Your roof is one of the most integral parts of your home. Protecting you from the Canadian elements and small critters, your roof works tirelessly to maintain the soundness of your home. In return, informed homeowners should take the necessary steps to preserve the condition of their roofing, thus prolonging the lifespan of their roof. Additionally, when the time comes, it’s important to replace your roofing when you begin to see signs of ageing or damage.
For the most part, we consider poor weather conditions to be the main perpetrators of roof damage. Whether it’s golf ball-sized hail, intense winds, or heavy snow, it’s a fair assumption to believe that your home is only at risk during miserable weather. However, it may surprise you to learn that those sunny summer days can actually impact your roofing as well. But how is this possible? Let’s take a look.
One of the most significant ways your roofing is affected during the summer is by thermal shock. Typically, the days are quite warm, but the air cools off at night. Your roof responds in kind, expanding and retracting to adjust to the temperatures. This can be hard on your roofing and cause tension in the material, thus leading to thermal shock. This ultimately weakens the integrity of your roofing and causes your roof to age much more quickly.
The degree to which thermal shock impacts your roof can definitely vary based on your roofing materials. Metal roofs, for example, may begin to warp more quickly than asphalt shingles.
While your home’s roofing system is constantly exposed to the sun, the UV rays are more intense during bright, cloudless days. This can cause the natural oils in your shingles to begin to dry out more quickly, resulting in the bleaching, cracking, and weakening of your roof. UV rays will also cause your shingles to discolour over time, giving your home a more aged and washed-out appearance.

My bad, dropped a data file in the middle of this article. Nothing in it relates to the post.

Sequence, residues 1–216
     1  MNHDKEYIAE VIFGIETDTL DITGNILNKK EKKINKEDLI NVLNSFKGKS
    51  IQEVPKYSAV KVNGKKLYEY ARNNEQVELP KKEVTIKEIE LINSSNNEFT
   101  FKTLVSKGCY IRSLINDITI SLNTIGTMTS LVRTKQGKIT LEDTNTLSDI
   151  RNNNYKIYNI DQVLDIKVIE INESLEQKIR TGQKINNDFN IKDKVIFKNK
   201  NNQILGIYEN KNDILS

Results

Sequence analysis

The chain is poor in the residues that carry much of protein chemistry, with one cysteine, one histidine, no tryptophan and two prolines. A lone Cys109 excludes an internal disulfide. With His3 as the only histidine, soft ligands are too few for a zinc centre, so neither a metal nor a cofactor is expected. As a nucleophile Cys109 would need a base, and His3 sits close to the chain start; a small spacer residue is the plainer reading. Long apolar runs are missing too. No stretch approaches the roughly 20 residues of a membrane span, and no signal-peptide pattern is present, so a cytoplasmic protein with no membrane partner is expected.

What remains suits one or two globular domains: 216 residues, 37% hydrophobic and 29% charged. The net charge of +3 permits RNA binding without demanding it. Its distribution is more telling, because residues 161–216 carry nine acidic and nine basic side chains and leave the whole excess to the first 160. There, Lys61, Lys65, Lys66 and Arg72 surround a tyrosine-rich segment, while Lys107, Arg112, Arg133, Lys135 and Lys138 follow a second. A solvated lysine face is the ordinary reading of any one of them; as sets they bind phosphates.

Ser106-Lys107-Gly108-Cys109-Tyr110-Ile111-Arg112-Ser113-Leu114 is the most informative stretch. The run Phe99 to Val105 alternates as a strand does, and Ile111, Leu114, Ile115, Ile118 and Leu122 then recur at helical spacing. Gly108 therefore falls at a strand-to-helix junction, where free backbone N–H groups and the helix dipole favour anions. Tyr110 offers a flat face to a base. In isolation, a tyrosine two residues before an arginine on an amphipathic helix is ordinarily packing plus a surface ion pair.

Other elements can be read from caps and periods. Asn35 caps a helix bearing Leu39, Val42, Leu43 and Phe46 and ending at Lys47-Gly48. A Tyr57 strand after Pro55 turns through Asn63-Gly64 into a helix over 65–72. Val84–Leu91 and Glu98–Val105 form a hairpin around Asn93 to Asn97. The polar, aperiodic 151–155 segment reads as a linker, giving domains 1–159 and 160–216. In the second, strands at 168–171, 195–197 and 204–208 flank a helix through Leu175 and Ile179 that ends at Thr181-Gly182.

Fortunately, this is a concern that you can proactively tackle. There are roof coatings available that can help to direct some of the UV rays away, thus minimizing the damage. These coatings typically last between ten and fifteen years.
Your roof is likely to take the brunt of any effects that result from extreme temperatures and sunlight. This is especially true for roofs composed of darker materials, as the dark colours will absorb more heat. Every material has its melting point, so while your roof isn’t about to liquefy on you, the components that make up your roof will begin to break down and weaken as they start to heat up.
As every Canadian can attest to, even summer has its crummy days. Particularly following a heatwave, you can expect severe thunderstorms to make an appearance, sometimes featuring fast winds and hail. This can result in damage to or dents in your roofing, and well as missing shingles, which can be frustrating and difficult to plan for.
It’s important to note that the first three issues– thermal shock, UV rays, and high temperatures– are cumulative; one week of hot temperatures will not leaving you looking for a new roof. Simply remember to keep an eye on your roof during all times of the year, summer included, to allow you to notice any drastic changes as soon as they occur. Additionally, keeping your attic well ventilated will help to elevate the stresses that these issues can put on your roofing. Your roof is an investment, so make sure you’re taking the time to care for and protect it.